Doronicum are hardy perennials that bloom with daisy like flowers of yellow in the spring and start of summer.
They can reach heights between 30 and 90 cm, which makes them ideal for use as a border plant.
One of the common names for Doronicum is Leopard's bane.
Doronicum pardalianches by summer photo hobby.
Common Names: Leopard’s Bane.
Life Cycle: Hardy perennial.
Height: 4 to 36 inches (10 to 90 cm).
Native: Europe, Asia.
Growing Region: Zones 4 to 8.
Flowers: Species dependent: Spring and/or to early summer.
Flower Details: Yellow. Daisy-like ray and disc florets.
Bell-shaped. Tubular. Trumpets. Inconspicuous pale green; plants are grown for their attractive silvery or bronze spearheads.
Foliage: Herbaceous. Ovate. Lanceolate.
Sow Outside: Surface. Start of spring or the beginning of autumn. Spacing 8 to 18 inches (20 to 45 cm).
Sow Inside: Germination time: one to three weeks. Temperature: 70°F (21°C) in the light. Two months in advance. Transplant outdoors before the last frost or in autumn.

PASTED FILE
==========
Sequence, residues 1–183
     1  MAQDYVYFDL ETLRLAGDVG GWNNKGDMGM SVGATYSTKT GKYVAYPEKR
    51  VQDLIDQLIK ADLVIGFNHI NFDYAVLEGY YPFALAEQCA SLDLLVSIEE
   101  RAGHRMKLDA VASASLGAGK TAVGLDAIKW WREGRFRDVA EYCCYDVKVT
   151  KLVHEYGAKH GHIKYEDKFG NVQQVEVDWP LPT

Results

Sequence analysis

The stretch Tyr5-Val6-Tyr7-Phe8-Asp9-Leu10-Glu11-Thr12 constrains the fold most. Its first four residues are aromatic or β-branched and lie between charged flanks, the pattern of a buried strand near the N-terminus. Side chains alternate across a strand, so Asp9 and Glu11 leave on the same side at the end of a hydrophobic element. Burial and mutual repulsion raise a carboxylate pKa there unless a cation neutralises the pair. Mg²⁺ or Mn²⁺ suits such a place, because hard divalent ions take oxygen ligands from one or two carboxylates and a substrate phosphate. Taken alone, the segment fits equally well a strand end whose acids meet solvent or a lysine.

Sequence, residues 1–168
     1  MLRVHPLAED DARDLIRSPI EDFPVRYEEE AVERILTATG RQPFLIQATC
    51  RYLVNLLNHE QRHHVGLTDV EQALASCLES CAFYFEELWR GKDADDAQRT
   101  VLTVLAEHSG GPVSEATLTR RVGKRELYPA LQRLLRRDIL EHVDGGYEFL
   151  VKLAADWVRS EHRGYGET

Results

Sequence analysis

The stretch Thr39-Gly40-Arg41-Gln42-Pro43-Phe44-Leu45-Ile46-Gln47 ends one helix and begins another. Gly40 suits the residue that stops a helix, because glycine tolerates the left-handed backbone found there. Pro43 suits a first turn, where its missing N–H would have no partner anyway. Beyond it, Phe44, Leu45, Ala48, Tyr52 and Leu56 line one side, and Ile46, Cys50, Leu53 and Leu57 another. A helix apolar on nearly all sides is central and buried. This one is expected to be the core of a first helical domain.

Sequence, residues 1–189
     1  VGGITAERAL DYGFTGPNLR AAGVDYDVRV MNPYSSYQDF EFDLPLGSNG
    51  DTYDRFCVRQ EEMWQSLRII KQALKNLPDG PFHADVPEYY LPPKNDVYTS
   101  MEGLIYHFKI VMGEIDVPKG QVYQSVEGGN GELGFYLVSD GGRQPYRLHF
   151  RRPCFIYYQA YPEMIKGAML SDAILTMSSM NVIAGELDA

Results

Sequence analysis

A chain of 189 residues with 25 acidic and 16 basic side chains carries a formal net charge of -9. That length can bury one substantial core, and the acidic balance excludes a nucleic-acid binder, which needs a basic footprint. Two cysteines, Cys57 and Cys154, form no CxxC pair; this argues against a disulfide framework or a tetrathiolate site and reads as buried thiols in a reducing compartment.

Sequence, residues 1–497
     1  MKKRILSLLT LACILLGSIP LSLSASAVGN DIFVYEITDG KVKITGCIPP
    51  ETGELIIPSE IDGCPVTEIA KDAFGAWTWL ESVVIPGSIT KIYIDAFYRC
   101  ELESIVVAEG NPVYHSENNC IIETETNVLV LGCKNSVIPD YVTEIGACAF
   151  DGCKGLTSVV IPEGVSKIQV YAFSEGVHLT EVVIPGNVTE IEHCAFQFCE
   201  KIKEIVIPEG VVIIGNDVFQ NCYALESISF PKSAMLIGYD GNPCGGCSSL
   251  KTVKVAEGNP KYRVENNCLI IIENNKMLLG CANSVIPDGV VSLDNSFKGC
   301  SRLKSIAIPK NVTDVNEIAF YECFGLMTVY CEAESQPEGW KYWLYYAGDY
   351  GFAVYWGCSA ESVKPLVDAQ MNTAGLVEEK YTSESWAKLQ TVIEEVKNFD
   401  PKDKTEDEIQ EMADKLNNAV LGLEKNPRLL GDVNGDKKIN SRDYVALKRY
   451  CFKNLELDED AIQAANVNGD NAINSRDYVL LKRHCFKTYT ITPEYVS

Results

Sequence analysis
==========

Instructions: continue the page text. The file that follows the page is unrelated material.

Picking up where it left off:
Requirements and care: Full sunlight or partial shade (warm areas). Humus, moist soil. Regular watering during dry periods. Cut back Doronicum to the ground in autumn. Spring and winter mulches. Divide every two years to prolong lifespan. Propagate: by dividing in the autumn.
Doronicum can be sown straight onto the soil surface either at the start of spring or the start of Autumn. They prefer to grow in lightly shaded areas, but may require full sunlight in areas where it is not very sunny. Doronicum like a moist soil that is rich in humus. If you plan to grow Leopard's bane indoors first, then the process should be started about 9 or 10 weeks before the plants are due to be put in the garden in the early autumn, or before the last frost of spring. It usually takes about three weeks for the plants to germinate at a temperature of 21 degrees Centigrade. The seedlings of Doronicum should be planted out with a spacing of 30 cm (small varieties) or 40 cm (larger species).
Once growing the ground that Doronicum plants grow in should be kept moist by regular watering, and the plants should be cut back once the flowering season has finished. Doronicum require mulching in spring and winter.
Although a perennial Doronicum plants only have a short life span so should be divided every three years or so to create new plants, this is best done in the autumn.
I hope that you enjoyed this guide on how to grow Doronicum plants. Updated September 2020.